Orthopedic surgeons debate whether knee implant designed for women is better than standard implant

Many orthopedic surgeons are debating whether Warsaw, Ind.-based Zimmer Holdings' knee implant Gender Solutions, which is designed specifically for women, is better for women than the standard artificial knee, Reuters reports.

According to the Reuters, companies are marketing to women because they currently receive about 60% of knee implants and are expected to fuel the implant business because women live longer and are more likely to be overweight or obese than men.

Kalamazoo, Mich.-based Stryker in 2005 introduced a knee implant, called Triathlon, designed for women and small men, and Arlington, Texas-based Wright Medical Technology has submitted an application to FDA for approval of an implant based on a person's size.

According to Zimmer, Gender Solutions, which was introduced last year, is smaller and shaped more like a woman's knee, so it fits and functions better than standard implants.

Many orthopedic surgeons say that the product, which is about twice the cost of standard implants, is a "marketing gimmick" but that they will use it if a patient requests it, according to Reuters.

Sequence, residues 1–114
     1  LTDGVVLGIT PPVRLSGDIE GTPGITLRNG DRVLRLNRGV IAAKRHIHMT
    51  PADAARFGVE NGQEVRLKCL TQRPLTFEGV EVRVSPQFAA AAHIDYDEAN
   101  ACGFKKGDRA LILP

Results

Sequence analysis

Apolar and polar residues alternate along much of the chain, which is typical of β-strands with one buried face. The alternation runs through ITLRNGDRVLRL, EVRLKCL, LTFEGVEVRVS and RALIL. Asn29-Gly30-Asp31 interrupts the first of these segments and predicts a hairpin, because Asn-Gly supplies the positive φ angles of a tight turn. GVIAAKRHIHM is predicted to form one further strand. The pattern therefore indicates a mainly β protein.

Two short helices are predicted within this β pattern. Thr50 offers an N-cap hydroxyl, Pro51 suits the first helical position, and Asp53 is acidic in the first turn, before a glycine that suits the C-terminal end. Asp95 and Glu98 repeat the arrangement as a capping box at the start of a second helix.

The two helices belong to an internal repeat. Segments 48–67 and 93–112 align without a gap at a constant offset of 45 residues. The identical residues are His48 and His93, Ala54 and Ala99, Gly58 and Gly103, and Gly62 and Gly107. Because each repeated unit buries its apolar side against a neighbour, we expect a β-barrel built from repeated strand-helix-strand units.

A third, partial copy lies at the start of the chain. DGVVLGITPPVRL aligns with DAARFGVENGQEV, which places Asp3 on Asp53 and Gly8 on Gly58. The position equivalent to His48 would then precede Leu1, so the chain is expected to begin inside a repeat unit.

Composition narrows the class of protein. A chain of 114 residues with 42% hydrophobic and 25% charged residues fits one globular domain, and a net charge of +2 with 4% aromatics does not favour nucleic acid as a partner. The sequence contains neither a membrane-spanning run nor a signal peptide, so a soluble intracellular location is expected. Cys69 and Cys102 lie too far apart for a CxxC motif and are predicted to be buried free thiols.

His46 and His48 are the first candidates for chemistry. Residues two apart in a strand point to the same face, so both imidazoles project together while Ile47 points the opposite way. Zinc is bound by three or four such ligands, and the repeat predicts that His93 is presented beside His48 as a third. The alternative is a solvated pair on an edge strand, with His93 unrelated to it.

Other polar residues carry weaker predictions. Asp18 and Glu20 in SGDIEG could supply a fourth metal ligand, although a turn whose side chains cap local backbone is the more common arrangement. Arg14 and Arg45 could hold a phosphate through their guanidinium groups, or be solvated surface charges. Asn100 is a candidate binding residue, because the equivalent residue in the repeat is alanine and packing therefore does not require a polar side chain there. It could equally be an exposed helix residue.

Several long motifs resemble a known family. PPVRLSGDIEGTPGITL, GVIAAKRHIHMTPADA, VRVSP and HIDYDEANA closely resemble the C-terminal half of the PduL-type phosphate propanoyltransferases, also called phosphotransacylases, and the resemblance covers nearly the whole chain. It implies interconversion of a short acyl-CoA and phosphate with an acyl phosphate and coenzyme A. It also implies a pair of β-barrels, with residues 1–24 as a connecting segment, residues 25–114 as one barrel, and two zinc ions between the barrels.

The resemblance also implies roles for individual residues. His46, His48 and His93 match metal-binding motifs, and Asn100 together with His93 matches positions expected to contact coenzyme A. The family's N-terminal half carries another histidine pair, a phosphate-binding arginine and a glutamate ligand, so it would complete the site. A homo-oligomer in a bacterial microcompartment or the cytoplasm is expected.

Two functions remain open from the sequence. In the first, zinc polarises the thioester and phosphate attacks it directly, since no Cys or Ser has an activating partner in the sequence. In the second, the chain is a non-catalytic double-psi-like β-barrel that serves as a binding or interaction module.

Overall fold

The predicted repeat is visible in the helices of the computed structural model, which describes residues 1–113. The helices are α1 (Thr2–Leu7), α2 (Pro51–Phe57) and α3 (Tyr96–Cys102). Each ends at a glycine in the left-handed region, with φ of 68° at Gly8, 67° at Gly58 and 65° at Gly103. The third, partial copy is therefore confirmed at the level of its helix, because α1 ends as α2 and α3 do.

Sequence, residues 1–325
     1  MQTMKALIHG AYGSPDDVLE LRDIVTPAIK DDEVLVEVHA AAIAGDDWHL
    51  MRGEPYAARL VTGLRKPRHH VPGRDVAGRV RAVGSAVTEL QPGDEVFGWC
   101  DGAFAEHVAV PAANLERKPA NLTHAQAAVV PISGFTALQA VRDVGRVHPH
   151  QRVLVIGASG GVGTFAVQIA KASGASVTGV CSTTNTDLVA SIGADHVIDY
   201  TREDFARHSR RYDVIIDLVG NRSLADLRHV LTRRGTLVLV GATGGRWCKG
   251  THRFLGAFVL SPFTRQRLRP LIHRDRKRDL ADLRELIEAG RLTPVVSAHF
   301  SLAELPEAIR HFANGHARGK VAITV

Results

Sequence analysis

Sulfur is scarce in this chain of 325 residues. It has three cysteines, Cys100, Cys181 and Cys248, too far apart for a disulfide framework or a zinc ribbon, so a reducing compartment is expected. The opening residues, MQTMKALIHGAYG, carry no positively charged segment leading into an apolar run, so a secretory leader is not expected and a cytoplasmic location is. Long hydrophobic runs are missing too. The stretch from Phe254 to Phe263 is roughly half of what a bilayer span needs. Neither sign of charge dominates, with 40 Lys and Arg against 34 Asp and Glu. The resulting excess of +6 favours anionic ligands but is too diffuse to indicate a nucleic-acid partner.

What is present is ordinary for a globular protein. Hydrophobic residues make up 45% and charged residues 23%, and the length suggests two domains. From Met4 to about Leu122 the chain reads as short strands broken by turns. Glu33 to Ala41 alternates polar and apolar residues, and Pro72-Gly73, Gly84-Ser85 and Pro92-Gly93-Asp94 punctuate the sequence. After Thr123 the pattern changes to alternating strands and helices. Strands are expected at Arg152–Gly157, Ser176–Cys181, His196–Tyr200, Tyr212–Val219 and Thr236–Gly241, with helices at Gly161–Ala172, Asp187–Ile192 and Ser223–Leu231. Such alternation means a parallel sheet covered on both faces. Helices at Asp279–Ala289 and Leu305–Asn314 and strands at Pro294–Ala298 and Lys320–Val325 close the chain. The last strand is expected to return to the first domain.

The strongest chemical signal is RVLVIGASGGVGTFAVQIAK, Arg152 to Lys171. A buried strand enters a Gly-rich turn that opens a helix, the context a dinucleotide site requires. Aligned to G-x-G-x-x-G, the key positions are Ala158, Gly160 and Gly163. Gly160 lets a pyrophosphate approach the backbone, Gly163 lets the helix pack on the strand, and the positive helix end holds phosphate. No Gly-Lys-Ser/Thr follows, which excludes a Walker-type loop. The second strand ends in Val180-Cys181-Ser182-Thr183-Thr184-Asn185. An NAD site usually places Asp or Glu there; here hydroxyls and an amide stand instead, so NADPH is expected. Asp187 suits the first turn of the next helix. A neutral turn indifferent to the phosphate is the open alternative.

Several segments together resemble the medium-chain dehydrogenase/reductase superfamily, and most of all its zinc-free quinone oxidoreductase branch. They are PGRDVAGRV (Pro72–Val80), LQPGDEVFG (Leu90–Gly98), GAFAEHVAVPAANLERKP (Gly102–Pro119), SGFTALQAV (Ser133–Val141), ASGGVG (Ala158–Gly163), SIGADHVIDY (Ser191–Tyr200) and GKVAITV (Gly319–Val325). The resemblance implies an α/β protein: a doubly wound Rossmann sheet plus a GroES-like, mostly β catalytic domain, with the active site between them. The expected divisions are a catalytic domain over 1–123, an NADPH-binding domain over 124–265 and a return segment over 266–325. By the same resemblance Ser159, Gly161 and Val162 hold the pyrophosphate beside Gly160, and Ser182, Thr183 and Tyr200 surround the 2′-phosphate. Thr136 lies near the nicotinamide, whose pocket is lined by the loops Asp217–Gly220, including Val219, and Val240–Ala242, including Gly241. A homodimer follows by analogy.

Raymond Elliott, Zimmer chair and CEO, said that Gender Solutions has been more successful than the company anticipated when it was released last year and that the product's success has contributed to a 23% earnings increase in the fourth quarter of 2006.

Zimmer by the end of the year plans to introduce a hip implant designed for women, Reuters reports (Sherman/Dixon, Reuters, 2/15).


Kaisernetwork.orgThis article is republished with kind permission from our friends at the The Kaiser Family Foundation. You can view the entire Kaiser Daily Health Policy Report, search the archives, or sign up for email delivery of in-depth coverage of health policy developments, debates and discussions. The Kaiser Daily Health Policy Report is published for Kaisernetwork.org, a free service of The Henry J. Kaiser Family Foundation. Copyright 2007 Advisory Board Company and Kaiser Family Foundation. All rights reserved.

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